For people with neurological injuries or disorders, there’s often no such thing as full recovery—most will live with the condition for the rest of their life. Because of this, the assistance needed extends far beyond outpatient care and the occasional doctor’s visit. Most neuro patients are left to navigate complex treatment paths alone, along with a slew of unanswered questions—from finding a support group to applying for a service dog.
After a spinal cord injury in 2004, Jessica Harthcock found herself asking hundreds of questions. At age 17, she was practicing gymnastic maneuvers for the springboard diving team. Despite every trick having gone smoothly that evening, on her final attempt, Harthcock landed on her head and heard a crunch in her neck.
Doctors diagnosed her with complete paralysis at the T3-4 level, meaning that Harthcock lost all sensation and motor ability from her chest down. As a diver and dancer, she knew what it meant to work hard and push her body. Despite doctors’ diagnoses that she’d never walk again, she immersed herself in rehabilitation and activity-based, weight-bearing therapies as though learning a new athletic feat. She was determined to regain the use of her legs.
While therapy was physically exhausting, the greater deterrent was finding the right rehabilitation centers, care professionals and resources. Driving or flying all over the United States, Harthcock and her family sought specialized treatments. Though persistent at her therapy, the lack of support from some physicians was draining. Months into her journey to regain motor control, one doctor told her she basically needed to accept her lot in life and move on.
As Harthcock shuttled between facilities, the seeds of an idea took root. There had to be a better, more streamlined path to recovery.
Twenty-two months after her injury, Harthcock saw the first sign of recovery. A twitch in her right thigh progressed into a controlled twitch and, eventually, voluntary muscle movement. Three years post-injury, she took her first step as a paraplegic.
Harthcock had accomplished the very thing doctors told her she couldn’t do, and it propelled her even further. She thought about all the other patients with neurological conditions who were struggling toward recovery alone—or worse, who never had an opportunity to start. With the same persistence that pushed Harthcock through thousands of hours of physical and occupational therapy, she and her trainer-turned-husband Adam Harthcock launched Utilize Health.
Through both personal advocates and digital tools assisting with medical, social and environmental needs, Utilize Health is pioneering neurological care coordination to help its members make sense of treatment options. The company also tracks outcomes, aiding members in maximizing their potential for recovery and helping to lower hospital readmission rates and the overall cost of care.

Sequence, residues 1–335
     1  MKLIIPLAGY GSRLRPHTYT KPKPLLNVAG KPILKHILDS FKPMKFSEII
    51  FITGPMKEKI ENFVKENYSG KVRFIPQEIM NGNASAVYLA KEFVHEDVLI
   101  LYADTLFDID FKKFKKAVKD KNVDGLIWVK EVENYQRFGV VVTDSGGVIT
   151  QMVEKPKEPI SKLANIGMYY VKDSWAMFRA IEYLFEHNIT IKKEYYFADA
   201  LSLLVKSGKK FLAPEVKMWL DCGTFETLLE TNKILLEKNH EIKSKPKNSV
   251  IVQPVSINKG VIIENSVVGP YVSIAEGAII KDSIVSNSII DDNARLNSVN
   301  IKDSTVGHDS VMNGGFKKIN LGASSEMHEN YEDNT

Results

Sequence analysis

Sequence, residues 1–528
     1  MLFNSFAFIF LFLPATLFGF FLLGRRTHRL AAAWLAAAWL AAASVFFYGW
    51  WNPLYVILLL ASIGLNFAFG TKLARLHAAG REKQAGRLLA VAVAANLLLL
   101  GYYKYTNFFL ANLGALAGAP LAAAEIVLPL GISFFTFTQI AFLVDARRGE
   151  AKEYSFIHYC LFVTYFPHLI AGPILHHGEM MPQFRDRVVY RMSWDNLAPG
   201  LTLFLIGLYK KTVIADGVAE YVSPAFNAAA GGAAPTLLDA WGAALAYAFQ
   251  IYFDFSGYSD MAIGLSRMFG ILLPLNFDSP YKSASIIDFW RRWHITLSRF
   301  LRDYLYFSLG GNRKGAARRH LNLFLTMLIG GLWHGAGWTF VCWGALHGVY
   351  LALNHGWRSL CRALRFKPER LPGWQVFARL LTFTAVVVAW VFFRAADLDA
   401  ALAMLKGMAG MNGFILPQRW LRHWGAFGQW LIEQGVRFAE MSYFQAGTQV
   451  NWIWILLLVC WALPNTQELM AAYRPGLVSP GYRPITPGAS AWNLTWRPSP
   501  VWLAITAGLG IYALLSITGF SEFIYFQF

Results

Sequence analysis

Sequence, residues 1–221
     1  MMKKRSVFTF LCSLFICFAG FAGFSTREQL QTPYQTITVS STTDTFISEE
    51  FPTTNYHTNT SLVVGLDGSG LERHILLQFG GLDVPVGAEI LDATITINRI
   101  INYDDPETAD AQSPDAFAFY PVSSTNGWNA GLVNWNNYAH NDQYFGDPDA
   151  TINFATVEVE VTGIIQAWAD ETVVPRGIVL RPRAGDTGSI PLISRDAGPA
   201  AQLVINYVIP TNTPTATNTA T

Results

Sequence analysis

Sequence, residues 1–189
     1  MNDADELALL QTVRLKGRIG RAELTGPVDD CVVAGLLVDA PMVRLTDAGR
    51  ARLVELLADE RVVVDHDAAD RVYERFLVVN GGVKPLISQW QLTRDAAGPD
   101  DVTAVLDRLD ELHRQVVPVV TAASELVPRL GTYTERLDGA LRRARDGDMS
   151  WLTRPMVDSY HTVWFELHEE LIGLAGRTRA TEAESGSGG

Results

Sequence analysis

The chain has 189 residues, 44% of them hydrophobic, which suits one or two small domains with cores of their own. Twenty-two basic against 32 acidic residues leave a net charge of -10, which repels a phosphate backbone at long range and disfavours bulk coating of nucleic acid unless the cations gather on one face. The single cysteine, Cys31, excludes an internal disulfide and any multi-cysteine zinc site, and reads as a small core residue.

“No one walks alone” is more than the motto of Utilize Health. It is also a promise the company makes to walk beside its members through the entirety of their recovery, or throughout the path of learning to make the best out of life living with a condition. With support from digital tools and a personal concierge service, the company simplifies care coordination.
As the Harthcocks built Utilize Health, they started with the why. Advocating for patients with neurological conditions and improving the quality of their lives has always informed the how and the what.
With the same persistence that pushed Jessica Harthcock through thousands of hours of physical and occupational therapy, she and her trainer-turned-husband launched Utilize Health.
For Jessica Harthcock, the near impossibility of navigating a complex healthcare and neuro-rehab system pushed her to innovate—just as a traumatic, unforeseen injury forced her to give everything she had to the recovery process. “Eventually, I found a really good team who delivered exceptional care, but they were all in different places,” she says. Utilize Health aggregates data and offers a “facilities finder” so patients can locate essential information in one place.
Filling in the Gaps With Patient Advocates
In the early years after her injury, Harthcock discovered that every neuro patient she met was missing a point person, someone to do the essential work of coordination. Harthcock was fortunate because her mom had a flexible work schedule that enabled her to sit on hold for an hour with an insurance company or to arrange the multitude of necessary appointments and evaluations. “Without her, I’d still be sitting in a wheelchair,” Harthcock adds.
Utilize Health’s specialty neuro-rehab clinicians offer one-on-one assistance to members with anything they might need—from finding accessible housing to applying for a service animal.
A concierge service, which Harthcock calls the heartbeat of Utilize Health, was born because most patients don’t have someone who can drop everything to arrange fragmented logistics. These specialty neuro-rehab clinicians are employed by Utilize Health and have at least eight years of field experience at two or more care settings. They offer one-on-one assistance to members with anything they might need—from finding accessible housing to applying for a service animal.
“Our advocates know exactly what to expect when working with these patients,” says Carrie Redmon, director of care coordination. “They’re ready to face any challenge to help maximize the potential for recovery.”
Patients’ experience with Utilize Health is often life-changing in terms of better outcomes. And, health plans appreciate the significant cost savings of coordinated care. While Utilize Health has to date partnered primarily with health plans, it is now investigating how the program can impact the bottom line for hospitals, including HealthTrust member facilities.